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In the last section, I introduced the logistic equation.
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A simple model of population growth, where there's some limit on how large the population can get.
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The details of the derivation of the logistic equation aren't essential,
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but we'll be using the logistic equation so much in the next several units
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that I thought it was worth talking a little bit about its origins, and hopefully giving you a little bit of intuition about the equation.
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In this unit, we'll look at properties of the logistic equation.
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When you iterate the logistic equation, what happens? What sorts of behavior do you see?
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Iterating the logistic equation--and we'll want to iterate it a lot--is tedious and not that interesting to do by hand,
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so we'll use a computer program to do it for us.
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The program that we'll use is on the web, and there's a link to it right here, underneath me.
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If you downloaded the video to watch seperately,
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you'll need to go back to the complexity explorer site and click on this link, so the program appears.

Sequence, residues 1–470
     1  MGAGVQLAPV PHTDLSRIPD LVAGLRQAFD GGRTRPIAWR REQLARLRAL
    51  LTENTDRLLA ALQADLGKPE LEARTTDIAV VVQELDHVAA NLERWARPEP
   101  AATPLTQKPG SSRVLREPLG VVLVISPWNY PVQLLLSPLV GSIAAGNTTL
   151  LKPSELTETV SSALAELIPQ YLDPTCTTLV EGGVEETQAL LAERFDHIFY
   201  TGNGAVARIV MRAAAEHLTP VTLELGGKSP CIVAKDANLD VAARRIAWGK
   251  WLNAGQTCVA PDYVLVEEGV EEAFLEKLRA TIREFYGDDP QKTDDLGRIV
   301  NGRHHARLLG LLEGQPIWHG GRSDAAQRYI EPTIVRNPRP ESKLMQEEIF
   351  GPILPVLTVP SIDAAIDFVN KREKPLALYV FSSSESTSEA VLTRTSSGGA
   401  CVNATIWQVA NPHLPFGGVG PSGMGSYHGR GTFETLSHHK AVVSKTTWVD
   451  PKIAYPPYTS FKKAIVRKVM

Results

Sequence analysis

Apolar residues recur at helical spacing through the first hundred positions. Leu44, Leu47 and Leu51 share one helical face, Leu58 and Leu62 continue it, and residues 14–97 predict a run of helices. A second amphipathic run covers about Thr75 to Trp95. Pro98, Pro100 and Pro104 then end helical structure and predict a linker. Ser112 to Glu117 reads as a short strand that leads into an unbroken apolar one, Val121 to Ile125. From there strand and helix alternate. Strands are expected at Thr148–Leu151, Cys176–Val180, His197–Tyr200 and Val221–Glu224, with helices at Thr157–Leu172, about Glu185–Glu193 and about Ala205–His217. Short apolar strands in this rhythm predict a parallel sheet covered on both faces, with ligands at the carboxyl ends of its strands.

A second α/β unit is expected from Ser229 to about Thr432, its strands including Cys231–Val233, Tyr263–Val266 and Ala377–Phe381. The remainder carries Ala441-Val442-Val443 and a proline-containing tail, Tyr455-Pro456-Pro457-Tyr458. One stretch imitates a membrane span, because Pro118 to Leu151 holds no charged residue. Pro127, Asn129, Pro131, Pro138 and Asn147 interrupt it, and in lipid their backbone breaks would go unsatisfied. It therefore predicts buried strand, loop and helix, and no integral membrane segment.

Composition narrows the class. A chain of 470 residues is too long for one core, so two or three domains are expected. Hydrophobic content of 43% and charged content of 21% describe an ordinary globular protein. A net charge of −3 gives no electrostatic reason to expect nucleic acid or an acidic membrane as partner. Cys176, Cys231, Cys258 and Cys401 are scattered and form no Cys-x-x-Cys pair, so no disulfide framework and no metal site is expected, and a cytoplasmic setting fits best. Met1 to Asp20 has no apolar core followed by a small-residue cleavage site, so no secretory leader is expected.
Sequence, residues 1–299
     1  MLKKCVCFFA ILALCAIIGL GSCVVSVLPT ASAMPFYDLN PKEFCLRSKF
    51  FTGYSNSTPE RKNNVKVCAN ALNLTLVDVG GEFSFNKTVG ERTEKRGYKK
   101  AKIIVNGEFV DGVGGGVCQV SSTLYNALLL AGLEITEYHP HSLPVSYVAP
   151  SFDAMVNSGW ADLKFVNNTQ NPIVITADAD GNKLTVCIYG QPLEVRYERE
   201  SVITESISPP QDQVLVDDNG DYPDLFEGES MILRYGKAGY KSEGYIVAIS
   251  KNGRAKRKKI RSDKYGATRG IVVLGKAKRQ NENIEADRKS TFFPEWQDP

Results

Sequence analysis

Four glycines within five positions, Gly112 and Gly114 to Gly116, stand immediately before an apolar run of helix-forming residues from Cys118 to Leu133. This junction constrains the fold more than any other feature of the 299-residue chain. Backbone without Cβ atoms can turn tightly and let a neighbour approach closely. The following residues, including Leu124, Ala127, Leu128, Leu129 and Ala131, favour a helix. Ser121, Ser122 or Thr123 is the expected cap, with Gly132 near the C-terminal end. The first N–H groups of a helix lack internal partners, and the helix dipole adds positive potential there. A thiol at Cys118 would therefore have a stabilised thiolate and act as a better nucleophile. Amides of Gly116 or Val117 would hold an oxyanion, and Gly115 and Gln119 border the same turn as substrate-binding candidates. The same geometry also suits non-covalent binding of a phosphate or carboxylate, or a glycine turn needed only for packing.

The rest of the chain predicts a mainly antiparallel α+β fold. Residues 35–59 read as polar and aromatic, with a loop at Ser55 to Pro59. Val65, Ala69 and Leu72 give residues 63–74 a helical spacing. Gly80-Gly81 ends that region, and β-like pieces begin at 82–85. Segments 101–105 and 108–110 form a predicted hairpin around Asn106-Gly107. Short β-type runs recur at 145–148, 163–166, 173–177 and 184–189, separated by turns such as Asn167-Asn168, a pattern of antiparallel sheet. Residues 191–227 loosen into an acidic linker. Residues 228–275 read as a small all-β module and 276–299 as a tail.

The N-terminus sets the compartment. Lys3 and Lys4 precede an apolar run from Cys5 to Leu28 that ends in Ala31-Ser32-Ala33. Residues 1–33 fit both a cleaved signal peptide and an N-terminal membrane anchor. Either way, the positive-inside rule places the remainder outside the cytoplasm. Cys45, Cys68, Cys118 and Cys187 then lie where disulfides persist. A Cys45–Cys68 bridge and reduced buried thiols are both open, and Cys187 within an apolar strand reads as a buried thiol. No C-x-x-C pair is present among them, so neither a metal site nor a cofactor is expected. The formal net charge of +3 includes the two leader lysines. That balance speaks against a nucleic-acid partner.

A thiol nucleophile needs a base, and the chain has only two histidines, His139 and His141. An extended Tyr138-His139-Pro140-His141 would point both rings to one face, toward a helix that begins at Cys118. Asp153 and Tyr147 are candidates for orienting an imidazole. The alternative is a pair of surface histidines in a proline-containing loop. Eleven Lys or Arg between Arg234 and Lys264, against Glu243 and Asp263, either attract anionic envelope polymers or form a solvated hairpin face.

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So if you click on this link, a new window should appear. You might need to disable a pop-up blocker,
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If you click on it and nothing happens, try disabling the pop-up blocker on your browser.
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You should get a window that says, "Logistic Equation Time Series Plots."
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Let's look at that program and you'll see how to use it.
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Here's the website that will calculate orbits and time series plots of the logistic equation.
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There are three things that you'll have to enter.
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First, you need to choose the number of iterates you want plotted.
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I'll choose 20.
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Next you need to choose the initial condition.
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I'll stick with 0.2; that's the default.
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And then you need to choose the growth parameter, r.
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I'll use 1.5, because this was the example that I did at the end of the previous section.
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In that section, we found that if the seed is .2, the first iterate is .24, and then the next iterate is .2736.
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Let's see...I'm going to scroll down. Beneath the plot, the orbits are listed.
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We see it starts at .2, .24, .2736; just like we calculated with the calculator previously.
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We can see that the orbits are growing and then they reach a fix point at .3333... or a third,
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So we suspect this is an attracting fix point.